Writer Christopher Hitchens has hit the jackpot. His new book, God is not Great: How Religion Poisons Everything, has proved a runaway bestseller. Why, then, is Mr. Hitchens so angry? Eyewitnesses report that Hitchens erupted into a drunken rage at a recent promotional event for his book. Hitchens reportedly descended from the stage, visibly inebriated, approached a Roman Catholic priest in the audience, and began shouting at him, only inches from his face. Hitchens’ manner appeared so physically menacing, witnesses say, that a plainclothes bodyguard on duty at the event rushed in and escorted the drunken scribe from the room. All of this happened four and a half months ago, on May 1. It was never reported in the press. A conspiracy of silence shielded the bestselling author from the negative publicity his behavior seemingly should have earned him. Indeed, the world at large would know nothing of this incident, had Hitchens himself not chosen to mention it in the September 2007 issue of Vanity Fair. Hitchens described the encounter thus:
“…a man in a clerical collar puts up his hand. In a magnanimous mood, I say, Fair enough—let’s extend the event for a man of the cloth. This turns out to be Father George Rutler of the Church of Our Saviour, who announces that he’s on the committee of the club and will make sure that I am never invited there again. There’s some shock at this inhospitable attitude, but I think: Gosh. Holy Mother Church used to threaten people with eternal damnation. Now it’s exclusion from the Union League Club. What a comedown. In a brisk exchange near the elevator, the good father assures me that I shall die a Catholic. Why do people think this is such a good point?” (Christopher Hitchens, “God Bless Me, It’s a Bestseller!”, Vanity Fair, September 2007)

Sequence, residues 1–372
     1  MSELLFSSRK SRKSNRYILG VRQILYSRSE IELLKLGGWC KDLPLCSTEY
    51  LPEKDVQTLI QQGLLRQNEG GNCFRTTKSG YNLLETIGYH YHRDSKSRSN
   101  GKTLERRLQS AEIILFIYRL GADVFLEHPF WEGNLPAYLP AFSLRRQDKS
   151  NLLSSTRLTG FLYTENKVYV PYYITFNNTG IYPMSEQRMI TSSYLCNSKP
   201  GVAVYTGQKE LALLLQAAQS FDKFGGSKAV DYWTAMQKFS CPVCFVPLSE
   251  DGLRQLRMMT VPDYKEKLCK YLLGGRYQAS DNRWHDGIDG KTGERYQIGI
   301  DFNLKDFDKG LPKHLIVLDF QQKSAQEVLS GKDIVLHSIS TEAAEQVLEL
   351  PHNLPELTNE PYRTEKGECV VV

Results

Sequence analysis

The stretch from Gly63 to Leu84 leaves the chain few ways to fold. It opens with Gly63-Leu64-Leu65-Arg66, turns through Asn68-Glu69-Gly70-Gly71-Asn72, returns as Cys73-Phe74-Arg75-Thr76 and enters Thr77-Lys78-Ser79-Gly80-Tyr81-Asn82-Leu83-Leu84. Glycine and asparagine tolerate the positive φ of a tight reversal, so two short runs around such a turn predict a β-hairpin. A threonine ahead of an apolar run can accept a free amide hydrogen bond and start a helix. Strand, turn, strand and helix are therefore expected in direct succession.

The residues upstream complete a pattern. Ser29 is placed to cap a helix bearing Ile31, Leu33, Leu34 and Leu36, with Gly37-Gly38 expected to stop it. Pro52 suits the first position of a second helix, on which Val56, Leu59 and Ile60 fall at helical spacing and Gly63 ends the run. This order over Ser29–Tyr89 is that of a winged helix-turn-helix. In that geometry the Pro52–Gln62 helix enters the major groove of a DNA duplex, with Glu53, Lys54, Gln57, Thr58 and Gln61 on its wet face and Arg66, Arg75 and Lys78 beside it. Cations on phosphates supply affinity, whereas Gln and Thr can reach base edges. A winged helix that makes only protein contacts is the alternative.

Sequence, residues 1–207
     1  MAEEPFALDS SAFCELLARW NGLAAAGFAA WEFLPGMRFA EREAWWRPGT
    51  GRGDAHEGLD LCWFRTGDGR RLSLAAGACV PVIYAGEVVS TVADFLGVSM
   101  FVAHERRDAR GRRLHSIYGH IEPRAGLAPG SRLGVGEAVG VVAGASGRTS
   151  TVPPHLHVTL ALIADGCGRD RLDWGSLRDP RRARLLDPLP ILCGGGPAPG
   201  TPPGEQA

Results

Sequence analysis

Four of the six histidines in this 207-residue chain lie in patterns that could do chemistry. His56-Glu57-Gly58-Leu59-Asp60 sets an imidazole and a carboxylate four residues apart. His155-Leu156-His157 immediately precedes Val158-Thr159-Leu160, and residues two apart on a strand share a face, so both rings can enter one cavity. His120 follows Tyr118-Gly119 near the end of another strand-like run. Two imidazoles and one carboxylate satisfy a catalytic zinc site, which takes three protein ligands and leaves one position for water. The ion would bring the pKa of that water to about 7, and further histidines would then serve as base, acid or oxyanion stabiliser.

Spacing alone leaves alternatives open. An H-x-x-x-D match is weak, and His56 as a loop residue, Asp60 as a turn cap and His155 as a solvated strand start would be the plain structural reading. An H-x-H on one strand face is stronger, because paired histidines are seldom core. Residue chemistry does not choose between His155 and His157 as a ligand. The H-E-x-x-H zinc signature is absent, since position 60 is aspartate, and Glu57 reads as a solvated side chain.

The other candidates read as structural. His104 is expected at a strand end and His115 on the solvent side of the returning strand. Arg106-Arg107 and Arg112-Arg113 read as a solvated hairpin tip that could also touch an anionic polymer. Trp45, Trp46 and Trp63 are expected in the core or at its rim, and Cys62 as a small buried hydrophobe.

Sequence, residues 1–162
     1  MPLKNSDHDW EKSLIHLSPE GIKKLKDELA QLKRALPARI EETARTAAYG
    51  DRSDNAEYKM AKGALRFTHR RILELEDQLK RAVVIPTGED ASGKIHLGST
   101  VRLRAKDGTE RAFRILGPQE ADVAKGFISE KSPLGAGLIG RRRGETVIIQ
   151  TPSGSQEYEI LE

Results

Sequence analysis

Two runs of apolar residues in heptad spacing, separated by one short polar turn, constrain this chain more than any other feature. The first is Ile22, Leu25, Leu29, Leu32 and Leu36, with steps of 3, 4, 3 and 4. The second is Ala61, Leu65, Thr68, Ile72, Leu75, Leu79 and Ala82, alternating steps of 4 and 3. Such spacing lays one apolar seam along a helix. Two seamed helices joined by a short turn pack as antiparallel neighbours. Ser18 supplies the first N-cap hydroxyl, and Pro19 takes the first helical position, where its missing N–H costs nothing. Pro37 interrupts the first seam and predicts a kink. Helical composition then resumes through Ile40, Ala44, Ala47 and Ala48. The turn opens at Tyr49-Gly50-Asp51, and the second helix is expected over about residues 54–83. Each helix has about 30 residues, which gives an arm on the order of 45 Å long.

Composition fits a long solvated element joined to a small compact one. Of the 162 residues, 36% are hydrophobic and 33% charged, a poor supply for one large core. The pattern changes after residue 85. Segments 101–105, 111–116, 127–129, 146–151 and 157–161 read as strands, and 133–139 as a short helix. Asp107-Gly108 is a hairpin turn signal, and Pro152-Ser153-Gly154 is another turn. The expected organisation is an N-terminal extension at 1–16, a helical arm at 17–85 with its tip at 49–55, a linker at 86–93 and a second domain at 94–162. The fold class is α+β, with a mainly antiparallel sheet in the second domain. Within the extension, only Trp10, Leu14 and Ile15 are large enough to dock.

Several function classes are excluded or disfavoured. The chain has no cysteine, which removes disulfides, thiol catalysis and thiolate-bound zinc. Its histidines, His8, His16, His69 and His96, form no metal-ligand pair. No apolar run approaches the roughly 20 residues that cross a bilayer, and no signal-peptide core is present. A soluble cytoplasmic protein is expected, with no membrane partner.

We Americans tend to idealize the British for their sense of fair play — a virtue exemplified, we are told, by that class of Englishmen who, like Mr. Hitchens, attended the finest public schools. Yet the account Hitchens wrote of his confrontation with Father Rutler seems far from sporting.
Hitchens wrote that Father Rutler used his influence as an officer of the Union League Club to get him banned from the Club. He neglected to reveal that Father Rutler might have had legitimate reasons for banning him, given the behavior which Hitchens reportedly exhibited at the May 1 event. By withholding this information, Hitchens left his readers with the impression that Father Rutler banned him simply because he wished to suppress Hitchens’ views on religion.
The evidence suggests otherwise.
Billed as, “An Evening with Christopher Hitchens“, the event was presented by the David Horowitz Freedom Center, and featured a discussion between Hitchens and Peter Collier (who is Director of Publications for the Freedom Center). During that discussion, Hitchens offered many insults — laced with a generous helping of obscene, Anglo-Saxon expletives — to such beloved religious figures as the late Mother Teresa. One eyewitness states that Hitchens’ “drunken, rambling, anti-Semitic, bigoted and foul-mouthed rant” caused “two-thirds of the people to leave in disgust” before the talk had ended.